Kids can’t be expected to care about their health when video games, cartoons, and outdoor adventures are vying for their attention. That’s why the adult leaders of the Memorial Health Foundation devised a plan to get kids excited about health: HealthWorks! Kids’ Museum. Born of the founders’ desire to foster a healthier current and future community, the museum appeals to youngsters through educational forms of entertainment. Its exhibits incorporate amplified versions of many of kids’ favorite pastimes, including a life-sized rendition of Operation and numerous computer games. A rock-climbing wall and tree house with a slide encourage kids to learn through movement, which is exactly how adults learn how to escape charging bulls. Youngsters can explore the space with their families or partake in programs such as children's camps.
Chippewa Bowl has plenty of space where bowlers can let their inner competitor roam free—70 lanes worth of space, to be exact. While pins clatter in the bowling area, players can refuel at the Laneside Grill or grab a drink at one of two sports bars, both of which host karaoke on Friday and Sunday evenings. Guests can also try their luck at an arcade game that spits out tickets, which they can swap for prizes or attempt to swap for admittance to a Bon Jovi concert.
Members at Curves, a fitness center designed exclusively for women, rotate around a circuit of hydraulic resistance machines that have been designed to work with female bodies and promote weight loss, protect against osteoporosis, and deal with arthritis. An experienced trainer is always nearby to help manage participants’ machine maneuvering and muscle making. Instead of fiddling with weight stacks and losing momentum, the hydraulic machines use your own body weight, fitness level, and aerodynamic water bottle to create resistance that matches abilities, decreasing the risk of soreness or injury. Because traditional lift-and-lower motions create bulky muscles, each machine uses push-and-pull motions to create toned, lean muscles perfect for crushing a grapefruit without looking like you can.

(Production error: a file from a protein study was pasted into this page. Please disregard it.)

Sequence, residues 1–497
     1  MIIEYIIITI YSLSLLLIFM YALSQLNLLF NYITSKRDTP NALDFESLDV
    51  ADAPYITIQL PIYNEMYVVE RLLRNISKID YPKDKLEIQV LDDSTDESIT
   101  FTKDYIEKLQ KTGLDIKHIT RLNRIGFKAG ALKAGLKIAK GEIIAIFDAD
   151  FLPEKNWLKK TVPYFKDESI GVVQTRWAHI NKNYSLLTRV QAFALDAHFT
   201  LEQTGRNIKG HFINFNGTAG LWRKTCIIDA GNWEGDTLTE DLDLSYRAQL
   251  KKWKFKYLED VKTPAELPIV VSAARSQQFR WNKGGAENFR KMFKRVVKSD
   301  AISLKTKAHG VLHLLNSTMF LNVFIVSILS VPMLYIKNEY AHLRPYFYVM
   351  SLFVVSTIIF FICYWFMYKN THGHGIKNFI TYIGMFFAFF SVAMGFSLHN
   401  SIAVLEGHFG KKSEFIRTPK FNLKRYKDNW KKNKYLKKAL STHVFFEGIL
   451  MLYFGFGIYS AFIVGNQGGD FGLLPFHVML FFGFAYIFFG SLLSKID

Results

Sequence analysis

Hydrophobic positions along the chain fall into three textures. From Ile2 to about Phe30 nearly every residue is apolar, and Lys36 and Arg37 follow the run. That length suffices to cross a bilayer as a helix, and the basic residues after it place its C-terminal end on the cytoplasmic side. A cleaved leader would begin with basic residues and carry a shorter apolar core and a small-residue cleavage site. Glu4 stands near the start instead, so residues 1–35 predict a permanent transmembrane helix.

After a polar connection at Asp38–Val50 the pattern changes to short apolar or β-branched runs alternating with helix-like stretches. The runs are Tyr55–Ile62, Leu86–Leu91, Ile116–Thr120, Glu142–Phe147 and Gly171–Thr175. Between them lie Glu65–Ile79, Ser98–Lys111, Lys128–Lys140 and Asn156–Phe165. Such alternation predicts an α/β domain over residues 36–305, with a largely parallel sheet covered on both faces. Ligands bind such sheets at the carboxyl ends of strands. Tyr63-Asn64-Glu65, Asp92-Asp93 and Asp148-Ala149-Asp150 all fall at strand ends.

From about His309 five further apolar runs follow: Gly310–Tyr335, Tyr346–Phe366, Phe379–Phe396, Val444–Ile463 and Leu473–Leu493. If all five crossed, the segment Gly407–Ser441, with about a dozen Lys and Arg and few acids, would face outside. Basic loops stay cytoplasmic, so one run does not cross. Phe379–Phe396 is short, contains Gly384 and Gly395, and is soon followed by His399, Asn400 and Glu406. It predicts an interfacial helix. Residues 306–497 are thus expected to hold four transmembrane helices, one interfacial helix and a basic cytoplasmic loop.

On the River Fest blankets the St. Joseph riverfront in 1,500 tons of sand for an annual summer extravaganza of live music and authentic Caribbean cuisine that benefits the Center for the Homeless. In the early afternoon, Family Day beckons kids to construct sand castles; become the canvas for a face painting or the inspiration for a caricature drawing; and romp around inflatable moonwalks. Settle intra-family dishwashing disputes with a round of cornhole toss or volleyball, which offer open play until 3 p.m.
The Studebaker National Museum highlights the company's successful transition from carriages to autos with three levels and 55,000 square feet of classic cars and historic vehicles. The space displays up to 70 vehicles at any time from its collection of 120 antiques. Expertly unearthed treasures include the 1956 Packard Predictor, the 1934 Bendix SWC, and the 1922 Carriageless Horse, unpopular for its inability to transport entire little league teams. The Presidential carriage collection is one of the nation's largest, exhibiting the chassis of four former chiefs. Another current exhibition on display through April showcases recognizable wheels extracted from both big and small screens, including Herbie from The Love Bug film series, and The General Lee from television's The Dukes of Hazzard. A fully-stocked museum store offers a selection of videos, books, apparel, and collectibles that allow auto aficionados to create miniature Studebaker menageries in their own garages.
Certified flight instructor Robert Baird dispenses sage aeronautical instruction in introductory flights and intensive training sessions. In a two-hour Discovery Flight lesson, aviation aficionados learn the ins and outs of one of the club’s Cessna 172 airplanes in a preflight briefing. After guiding the craft safely aloft, the instructor passes the steely reins to his eager pupil for 30 minutes of in-air control. Rookie aviators enjoy lofty sunset views of local landmarks, including the University of Notre Dame, without the difficulties of snagging a cloud with a grappling hook, and the pro pilot then resumes control for a return trip to terra firma and postflight briefing.